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Can I borrow money from my super fund?

hands placing coins in a container borrow money from super fund

The superannuation fund’s sole purpose is to help Australians save up for retirement, whether through professionally managed superannuation funds or self-managed superannuation funds (SMSF).

Accessing one’s super fund contributions before retirement is prohibited. However, super laws allow people to gain early access to their contributions under certain dire circumstances.

Circumstances that legally allow early access

Severe financial hardship
A member is eligible for access under severe financial hardship if and only if they are unable to meet reasonable and immediate living expenses. They must also have been receiving government financial support continuously for 26 weeks, including the time they applied for early access.

In both managed funds and SMSFs, members are allowed a withdrawal of $1,000 (unless the balance is below this amount) to $10,000 if they are experiencing severe financial hardship. However, only one withdrawal is allowed in any 12-month period. The actual allowable amount is taxable as a normal lump sum payment.


Compassionate grounds
Members may apply for withdrawal on compassionate grounds if they or their dependents need financial assistance to pay for medical or death-related expenses, such as burial or funeral expenses. The money may also be used for expenses related to home and vehicle modifications to address severe disabilities.

A member can also apply for early withdrawal if they are solely responsible for paying the mortgage and is about to lose their home. In this case, a member is only allowed access to 3 months’ worth of repayment and 12 months worth of interest on the loan balance.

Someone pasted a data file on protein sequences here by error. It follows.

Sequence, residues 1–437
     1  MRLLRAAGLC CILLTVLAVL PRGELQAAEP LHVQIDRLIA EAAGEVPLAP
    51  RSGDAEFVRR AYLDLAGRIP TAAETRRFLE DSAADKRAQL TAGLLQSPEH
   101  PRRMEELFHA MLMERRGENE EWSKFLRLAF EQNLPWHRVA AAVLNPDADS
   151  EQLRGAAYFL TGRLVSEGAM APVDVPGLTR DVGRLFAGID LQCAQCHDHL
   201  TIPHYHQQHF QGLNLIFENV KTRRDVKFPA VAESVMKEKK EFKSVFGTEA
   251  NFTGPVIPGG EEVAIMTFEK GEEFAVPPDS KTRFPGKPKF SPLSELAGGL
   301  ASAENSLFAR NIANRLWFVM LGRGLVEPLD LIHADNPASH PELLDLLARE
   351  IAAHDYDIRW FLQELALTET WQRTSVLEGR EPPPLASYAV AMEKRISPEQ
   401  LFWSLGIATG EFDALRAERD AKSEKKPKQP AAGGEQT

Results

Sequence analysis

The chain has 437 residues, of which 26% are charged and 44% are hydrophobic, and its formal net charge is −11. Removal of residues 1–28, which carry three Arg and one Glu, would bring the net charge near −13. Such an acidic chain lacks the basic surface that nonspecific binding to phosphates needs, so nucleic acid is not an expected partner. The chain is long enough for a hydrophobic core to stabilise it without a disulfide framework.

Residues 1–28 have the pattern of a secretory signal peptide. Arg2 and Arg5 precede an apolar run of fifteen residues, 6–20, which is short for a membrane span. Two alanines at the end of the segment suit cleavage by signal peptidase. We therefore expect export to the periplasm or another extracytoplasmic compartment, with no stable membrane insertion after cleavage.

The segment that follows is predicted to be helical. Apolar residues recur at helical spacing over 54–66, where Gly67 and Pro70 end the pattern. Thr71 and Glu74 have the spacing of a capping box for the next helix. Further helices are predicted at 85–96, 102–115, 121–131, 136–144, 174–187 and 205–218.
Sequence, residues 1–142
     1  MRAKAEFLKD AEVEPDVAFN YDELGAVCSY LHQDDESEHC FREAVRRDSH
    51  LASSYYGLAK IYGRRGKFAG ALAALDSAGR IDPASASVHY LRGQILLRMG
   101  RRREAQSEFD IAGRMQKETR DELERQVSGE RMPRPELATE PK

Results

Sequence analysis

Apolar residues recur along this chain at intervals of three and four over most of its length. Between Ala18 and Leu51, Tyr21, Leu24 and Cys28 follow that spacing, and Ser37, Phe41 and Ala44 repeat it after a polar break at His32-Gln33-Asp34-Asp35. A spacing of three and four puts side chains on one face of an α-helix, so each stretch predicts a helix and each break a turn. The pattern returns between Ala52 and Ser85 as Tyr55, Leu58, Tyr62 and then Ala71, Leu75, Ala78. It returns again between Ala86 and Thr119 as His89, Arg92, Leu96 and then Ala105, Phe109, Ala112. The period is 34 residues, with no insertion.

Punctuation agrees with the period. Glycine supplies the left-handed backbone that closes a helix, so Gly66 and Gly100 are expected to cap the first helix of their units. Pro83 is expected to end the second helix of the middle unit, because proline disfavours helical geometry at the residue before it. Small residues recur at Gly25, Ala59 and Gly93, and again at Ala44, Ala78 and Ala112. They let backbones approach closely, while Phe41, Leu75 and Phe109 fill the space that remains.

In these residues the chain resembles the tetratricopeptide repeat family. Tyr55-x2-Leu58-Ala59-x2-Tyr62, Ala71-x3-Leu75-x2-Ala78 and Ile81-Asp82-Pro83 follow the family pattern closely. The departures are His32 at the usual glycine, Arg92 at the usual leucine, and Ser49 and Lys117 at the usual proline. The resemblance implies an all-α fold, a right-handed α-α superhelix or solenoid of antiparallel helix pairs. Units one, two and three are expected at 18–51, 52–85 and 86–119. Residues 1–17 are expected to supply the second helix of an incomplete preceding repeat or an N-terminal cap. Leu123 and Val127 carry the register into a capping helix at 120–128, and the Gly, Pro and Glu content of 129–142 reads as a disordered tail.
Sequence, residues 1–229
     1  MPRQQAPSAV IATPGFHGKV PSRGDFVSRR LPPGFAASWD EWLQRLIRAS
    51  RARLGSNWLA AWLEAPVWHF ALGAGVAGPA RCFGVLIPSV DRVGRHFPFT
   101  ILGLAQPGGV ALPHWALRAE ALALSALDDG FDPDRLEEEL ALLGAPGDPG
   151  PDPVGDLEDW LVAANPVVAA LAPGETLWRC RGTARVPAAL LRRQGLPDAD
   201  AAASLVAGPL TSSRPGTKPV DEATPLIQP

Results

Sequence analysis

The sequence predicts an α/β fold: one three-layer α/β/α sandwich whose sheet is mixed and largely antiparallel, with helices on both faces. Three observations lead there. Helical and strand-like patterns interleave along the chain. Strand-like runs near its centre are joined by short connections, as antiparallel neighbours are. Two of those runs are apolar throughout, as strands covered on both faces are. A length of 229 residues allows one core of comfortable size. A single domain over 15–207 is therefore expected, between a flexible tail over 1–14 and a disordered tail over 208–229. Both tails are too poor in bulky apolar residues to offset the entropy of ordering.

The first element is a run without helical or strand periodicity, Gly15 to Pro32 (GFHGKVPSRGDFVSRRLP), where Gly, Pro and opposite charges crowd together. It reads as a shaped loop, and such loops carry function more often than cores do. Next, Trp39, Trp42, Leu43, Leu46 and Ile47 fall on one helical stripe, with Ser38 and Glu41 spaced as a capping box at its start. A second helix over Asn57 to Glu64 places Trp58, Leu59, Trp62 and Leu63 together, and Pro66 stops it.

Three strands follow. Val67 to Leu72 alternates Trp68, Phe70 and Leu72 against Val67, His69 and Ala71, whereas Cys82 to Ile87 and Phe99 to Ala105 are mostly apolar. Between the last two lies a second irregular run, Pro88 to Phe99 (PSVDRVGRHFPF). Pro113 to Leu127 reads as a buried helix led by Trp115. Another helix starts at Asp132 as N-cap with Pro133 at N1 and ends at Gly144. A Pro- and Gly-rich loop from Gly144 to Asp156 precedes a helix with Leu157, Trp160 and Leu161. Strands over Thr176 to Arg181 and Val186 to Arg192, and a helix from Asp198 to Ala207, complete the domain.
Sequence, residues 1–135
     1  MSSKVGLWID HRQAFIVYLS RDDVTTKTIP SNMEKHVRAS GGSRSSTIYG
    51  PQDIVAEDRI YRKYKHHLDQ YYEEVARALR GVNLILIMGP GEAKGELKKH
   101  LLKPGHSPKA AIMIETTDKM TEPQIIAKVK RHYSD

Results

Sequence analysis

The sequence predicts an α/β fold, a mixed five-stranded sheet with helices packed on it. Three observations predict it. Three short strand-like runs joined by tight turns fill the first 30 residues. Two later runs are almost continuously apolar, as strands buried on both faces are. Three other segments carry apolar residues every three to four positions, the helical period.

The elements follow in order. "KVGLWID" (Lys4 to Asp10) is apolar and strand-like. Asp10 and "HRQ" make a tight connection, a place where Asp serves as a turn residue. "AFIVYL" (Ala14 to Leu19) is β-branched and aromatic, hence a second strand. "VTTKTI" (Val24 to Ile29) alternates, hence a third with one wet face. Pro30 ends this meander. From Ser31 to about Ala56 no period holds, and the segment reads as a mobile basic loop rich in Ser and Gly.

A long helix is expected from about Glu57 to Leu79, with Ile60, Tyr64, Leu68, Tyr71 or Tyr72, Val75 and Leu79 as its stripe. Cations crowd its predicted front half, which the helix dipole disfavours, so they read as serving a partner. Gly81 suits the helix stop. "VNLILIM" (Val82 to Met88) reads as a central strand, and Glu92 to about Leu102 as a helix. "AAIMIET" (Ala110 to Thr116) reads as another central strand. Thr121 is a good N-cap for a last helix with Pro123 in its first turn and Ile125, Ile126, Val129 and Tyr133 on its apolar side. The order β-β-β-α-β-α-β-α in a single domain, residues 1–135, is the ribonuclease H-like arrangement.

Temporary incapacity
Withdrawals based on temporary incapacity may be allowed if a member temporarily needs to stop working due to a physical or mental disability.

This is only allowed for members who are not on sick leave (i.e., receiving benefits from the company due to their disability). The money should come from insured- or employer-funded contributions and given as an income stream.

Permanent incapacity
Members who become permanently disabled and have stopped working due to their disability are allowed early access to their super benefits without cashing restrictions.

However, the member must prove that they are truly unable to work due to their disability even if their education and experience qualifies them.

Terminal medical condition
Members diagnosed with a terminal disease are allowed early access to their funds without restrictions. However, they must present certifications from two medical professionals that their condition will most likely result in death within 24 months. One of the certifications must come from a specialist in the diagnosed disease.


These allowances can only apply to expenses that have not been paid. Reimbursements are not allowed.

Eligible individuals must apply for an early release based on their circumstance during the time they are experiencing it.

Early release is only allowed for citizens and permanent residents of Australia or New Zealand. Temporary residents who encounter similar circumstances may not apply for early withdrawal unless they are permanently leaving Australia.

Other reasons to borrow money

An SMSF member may also borrow money from their Super fund to purchase a single asset or a collection of identical assets equal to its value.

A limited recourse borrowing arrangement (LRBA) should be used to purchase the asset. However, the rules are tricky and the arrangement requires careful planning to prevent breaching super laws.

This information has been sourced from the Australian Taxation Office and the Department of Human Services.

Can I borrow money from my super fund?
hands placing coins in a container borrow money from super fund
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